Have you had training in management OP? Is this your first time managing others?

What she's doing is annoying and she's definitely stepping on your toes. But she sounds like someone who you'd do well to utilise. She may well not have faith in you as a manager but not confronting her at all when she's doing this will reinforce that.

OpenMe Thu 31-Mar-16 23:05:09

I agree with exwife. I'd be really disappointed if one of my managers felt the need to use smart responses to put a team member in their place. I welcome any staff member's enthusiasm to do a bit more than their paygrade and develop themselves and expect my managers to do the same. When I have people working directly for me who the kinds of things op describes, I consider it watching my back rather than undermining me.

I'm afraid op it sounds like you have issues with managing someone who was recently the same level as you, as much as she has issues with being managed by you.

Tanfastic Thu 31-Mar-16 23:09:02

Yes elderly, this is the first time I've had a managing position with no training! It's a small establishment where the directors are never around - they've put me in charge.

They've never had a manager before which I think is half the problem. The staff were left to their own devices, there were no procedures for anything, everything was pretty much a shambles. I've spent the last year getting everything into some kind of routine, putting proper procedures in place so that everything runs more smoothly.

I'm just getting settled now into a good, efficient routine. I expect this is where the fun starts.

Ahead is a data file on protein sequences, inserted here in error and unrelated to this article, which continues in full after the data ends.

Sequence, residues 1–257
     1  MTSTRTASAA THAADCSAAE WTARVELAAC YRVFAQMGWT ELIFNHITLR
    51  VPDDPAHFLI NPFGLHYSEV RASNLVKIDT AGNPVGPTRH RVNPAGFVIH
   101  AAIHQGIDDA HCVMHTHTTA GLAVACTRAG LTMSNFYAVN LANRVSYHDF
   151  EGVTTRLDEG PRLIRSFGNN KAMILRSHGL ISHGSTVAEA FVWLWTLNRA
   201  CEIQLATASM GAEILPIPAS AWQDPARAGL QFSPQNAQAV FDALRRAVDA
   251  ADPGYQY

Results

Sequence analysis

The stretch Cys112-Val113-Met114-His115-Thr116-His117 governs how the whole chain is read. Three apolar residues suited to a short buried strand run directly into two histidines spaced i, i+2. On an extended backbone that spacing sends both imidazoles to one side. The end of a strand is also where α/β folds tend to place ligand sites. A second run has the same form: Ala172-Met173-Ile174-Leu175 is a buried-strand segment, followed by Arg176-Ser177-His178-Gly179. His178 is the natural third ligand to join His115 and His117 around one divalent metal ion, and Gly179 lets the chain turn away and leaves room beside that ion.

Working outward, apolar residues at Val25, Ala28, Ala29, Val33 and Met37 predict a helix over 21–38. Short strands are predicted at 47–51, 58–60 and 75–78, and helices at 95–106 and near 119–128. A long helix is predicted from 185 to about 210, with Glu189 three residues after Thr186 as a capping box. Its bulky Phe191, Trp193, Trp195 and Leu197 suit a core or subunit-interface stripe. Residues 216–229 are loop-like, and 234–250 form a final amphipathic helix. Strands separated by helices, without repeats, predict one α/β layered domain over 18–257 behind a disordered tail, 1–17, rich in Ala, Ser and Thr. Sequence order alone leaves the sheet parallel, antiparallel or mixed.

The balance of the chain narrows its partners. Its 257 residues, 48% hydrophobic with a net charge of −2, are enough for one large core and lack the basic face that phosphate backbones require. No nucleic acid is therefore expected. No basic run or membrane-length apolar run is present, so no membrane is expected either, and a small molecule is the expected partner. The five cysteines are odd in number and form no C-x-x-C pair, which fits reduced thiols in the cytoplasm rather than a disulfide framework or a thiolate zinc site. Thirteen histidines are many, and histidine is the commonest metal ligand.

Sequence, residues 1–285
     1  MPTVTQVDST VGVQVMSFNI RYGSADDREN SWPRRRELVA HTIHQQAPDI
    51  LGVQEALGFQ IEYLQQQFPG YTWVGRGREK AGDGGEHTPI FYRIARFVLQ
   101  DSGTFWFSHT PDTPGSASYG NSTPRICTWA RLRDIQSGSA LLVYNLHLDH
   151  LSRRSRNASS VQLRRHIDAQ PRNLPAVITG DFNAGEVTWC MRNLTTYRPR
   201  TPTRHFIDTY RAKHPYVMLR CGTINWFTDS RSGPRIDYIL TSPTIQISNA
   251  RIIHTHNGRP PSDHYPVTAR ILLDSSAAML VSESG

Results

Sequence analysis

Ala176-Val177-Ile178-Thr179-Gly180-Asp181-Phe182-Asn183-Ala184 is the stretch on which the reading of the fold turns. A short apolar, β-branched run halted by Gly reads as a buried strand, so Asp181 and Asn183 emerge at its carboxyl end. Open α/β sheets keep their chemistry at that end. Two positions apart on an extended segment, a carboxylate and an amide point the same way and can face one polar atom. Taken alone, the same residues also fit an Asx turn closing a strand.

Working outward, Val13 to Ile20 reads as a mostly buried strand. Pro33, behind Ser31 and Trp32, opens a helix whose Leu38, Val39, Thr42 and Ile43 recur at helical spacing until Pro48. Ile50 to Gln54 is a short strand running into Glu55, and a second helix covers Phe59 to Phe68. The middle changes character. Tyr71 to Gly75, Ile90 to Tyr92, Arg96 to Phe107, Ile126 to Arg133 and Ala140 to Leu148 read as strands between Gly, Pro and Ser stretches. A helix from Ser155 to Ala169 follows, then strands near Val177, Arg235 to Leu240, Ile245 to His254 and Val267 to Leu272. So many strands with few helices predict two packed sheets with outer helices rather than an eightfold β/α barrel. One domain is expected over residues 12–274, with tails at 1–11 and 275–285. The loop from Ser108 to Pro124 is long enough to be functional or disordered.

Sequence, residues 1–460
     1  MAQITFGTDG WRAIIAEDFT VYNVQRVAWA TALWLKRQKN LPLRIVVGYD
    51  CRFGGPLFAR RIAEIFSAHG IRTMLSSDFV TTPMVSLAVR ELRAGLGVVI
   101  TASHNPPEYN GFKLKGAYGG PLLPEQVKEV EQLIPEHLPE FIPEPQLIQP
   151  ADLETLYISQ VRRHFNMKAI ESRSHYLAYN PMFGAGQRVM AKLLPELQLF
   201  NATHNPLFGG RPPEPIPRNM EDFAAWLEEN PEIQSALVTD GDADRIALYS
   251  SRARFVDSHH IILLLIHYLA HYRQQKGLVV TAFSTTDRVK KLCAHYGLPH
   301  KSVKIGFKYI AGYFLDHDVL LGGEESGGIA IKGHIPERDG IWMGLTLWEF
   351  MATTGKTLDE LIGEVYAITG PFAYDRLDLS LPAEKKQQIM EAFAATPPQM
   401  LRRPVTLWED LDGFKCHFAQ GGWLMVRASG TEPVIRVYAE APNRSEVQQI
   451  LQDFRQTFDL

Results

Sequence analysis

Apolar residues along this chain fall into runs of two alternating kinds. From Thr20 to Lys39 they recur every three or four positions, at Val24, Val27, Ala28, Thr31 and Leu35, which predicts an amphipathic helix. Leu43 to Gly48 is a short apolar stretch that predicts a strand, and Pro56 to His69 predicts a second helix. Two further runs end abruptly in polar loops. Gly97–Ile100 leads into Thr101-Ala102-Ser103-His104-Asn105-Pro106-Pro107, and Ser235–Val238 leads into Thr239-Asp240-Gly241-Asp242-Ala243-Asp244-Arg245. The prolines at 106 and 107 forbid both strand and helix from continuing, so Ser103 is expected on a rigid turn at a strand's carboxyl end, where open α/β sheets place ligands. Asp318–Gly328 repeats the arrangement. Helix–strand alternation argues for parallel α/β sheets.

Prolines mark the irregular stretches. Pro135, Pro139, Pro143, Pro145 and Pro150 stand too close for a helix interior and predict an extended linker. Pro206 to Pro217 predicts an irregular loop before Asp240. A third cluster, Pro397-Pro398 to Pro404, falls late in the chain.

Tanfastic Thu 31-Mar-16 23:11:00

Open me - thanks for your honesty, sounds like I've got a lot of learning to do.

RandomMess Thu 31-Mar-16 23:14:12

With your later posts it sounds like there needs to be further discussion/issuing of roles, responsibilities, processes etc.

Your colleague could genuinely not be sure whether some things you have sole responsibility for or that she's expected to monitor and inform you of.

Could you actually involve all the staff in review the procedures created and how well they are working etc? Where do they want clarification?

EBearhug Thu 31-Mar-16 23:14:36

She's clearly got ability - can you delegate some duties to her which she would be responsible for? Any opportunities to promote her? Offer her training? Move her to a project management role?

It would also be reasonable to give her feedback - while being proactive and so on is all very well, she didn't know why you're asking about the supplier, so it would have been preferable just to give the answer, until she was asked for her opinion. I suspect if you'd then asked about pros and cons of changing supplier, you would have been glad of the detail, so it's probably a question of channelling her efforts.

What was her previous role? I wonder if in a previous job, her manager expected her to keep track of things going on and give prompts about tasks which still needed doing, and approaching deadlines, and she hasn't adjusted her style.